CMS’ Decision to Cover Intensive Behavioral Counseling for Obesity for Eligible Medicare Beneficiaries
It is not secret that we have an epidemic of obesity in America among adults and children alike. Nor is it surprising to know that we have a huge problem with an increasing incidence of diabetes and cardiovascular disease, both due to their relationship to diet and weight. It is with great disappointment that Registered Dietitians are not covered by insurance companies for services provided in any but renal disease and in some incidences of diabetes.
I have hoped that our increased awareness of our flawed and extremely expensive health care system would lead to an increased emphasis on preventative health care where Dietitians can really have an impact. Unfortunately, the Centers for Medical and Medicaid Services (CMS) decided that it will cover screening and intensive behavior counseling for obesity (BMI > 30) ONLY by primary care providers in a physician’s office. It seems strange that they would authorize a higher billing fee by someone less qualified, but I guess the insanity continues. Here are some comments by other disappointed dietitians (source: Sports, Cardiovascular, and Wellness Nutrition Blog):
This is a call to action for all RDs! We need to interact on multiple levels with other providers and government officials to add us as providers for obesity care. We are 70,000+ strong and we are being denied the ability to bill for a service that we routinely provide. Enough with documentating outcomes. It’s time to descend on CMS with our outrage and concern that our inability to bill for this service will hinder the appropriate care of obese individuals. I wonder, would CMS expect MDs and NPs to perform and bill for physical therapy and not allow PTs to do so?
This decision is mind numbing. Clearly no logical argument will sway decision makers because logic isn’t being used to make these rulings.
I am pleased to see at any level that obesity is being viewed as an epidemic that needs qualified professionals to assist patients with this disease. I do believe that it will fail as without a complete team effort which includes the RD most patients will not get the education and direction they need on a one to one basis to make this trial program work. As amazing as doctors are they do not have the time to personally coach and support this disease. The behavioral therapist does not have a nutrition background to discuss specific meal plans for the patients with medical issues such as diabetes or heart disease. As a dietitian for over 20 years I have learned one thing. It takes a team to promote wellness. Each team member playing their part and not 2 team members trying to perform everyones role. This current trial period will not be successful in my opinion. And by the way, CMS better pay well. The therapists in my area charge between 150 to 350 dollars an hour and most do not want to accept any insurance at all for disordered eating behaviors.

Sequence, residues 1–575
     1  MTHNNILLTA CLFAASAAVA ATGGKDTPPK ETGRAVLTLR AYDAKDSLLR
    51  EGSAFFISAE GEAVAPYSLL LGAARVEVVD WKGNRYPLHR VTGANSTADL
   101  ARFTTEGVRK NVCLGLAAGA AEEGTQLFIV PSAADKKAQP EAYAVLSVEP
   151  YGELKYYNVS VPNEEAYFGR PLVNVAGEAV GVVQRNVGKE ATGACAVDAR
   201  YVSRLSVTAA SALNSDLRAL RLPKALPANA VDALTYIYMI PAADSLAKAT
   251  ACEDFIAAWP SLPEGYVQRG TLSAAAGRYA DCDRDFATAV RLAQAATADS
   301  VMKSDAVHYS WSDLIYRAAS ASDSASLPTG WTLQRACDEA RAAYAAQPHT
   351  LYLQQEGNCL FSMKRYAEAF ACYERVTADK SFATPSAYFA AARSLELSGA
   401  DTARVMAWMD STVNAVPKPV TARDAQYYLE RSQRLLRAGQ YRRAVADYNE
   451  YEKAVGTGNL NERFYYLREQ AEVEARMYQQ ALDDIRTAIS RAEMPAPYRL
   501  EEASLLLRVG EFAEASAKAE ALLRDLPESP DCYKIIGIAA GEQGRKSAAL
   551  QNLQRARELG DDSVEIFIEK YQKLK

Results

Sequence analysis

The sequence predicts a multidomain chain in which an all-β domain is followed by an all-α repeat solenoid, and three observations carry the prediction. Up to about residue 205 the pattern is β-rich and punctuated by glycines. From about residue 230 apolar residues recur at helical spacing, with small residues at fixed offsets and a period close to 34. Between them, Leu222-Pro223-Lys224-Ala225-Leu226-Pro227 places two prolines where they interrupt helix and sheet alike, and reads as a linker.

Natalie Taylor said…
I am discouraged that the outcomes were based on weight loss vs. wellness/health outcomes (i.e. blood pressure, lipids, A1c, etc.). The obesity epidemic is an extremely complex issue involving hormones, genetics, environment, behavioral factors, coping skills, etc. I agree we need a team consisting of a physician, exercise physiologist, RD, and psychologist to have the best outcomes. However, I feel we should use the “Health At Every Size” approach (similar to Canada’s Vitality Program) and the focus should be placed on a healthy lifestyle/wellness/health and lab values vs. the number on the scale. Since the weight loss outcomes are extremely poor (i.e. 95% of people regain after 5 years) and the dangers of weight cycling are many (i.e. increased risk of mortality, gallbladder disease, high cholestorol, compulsive or deprivation-driven eating style, etc.), this program goes against the rule of “first do no harm”.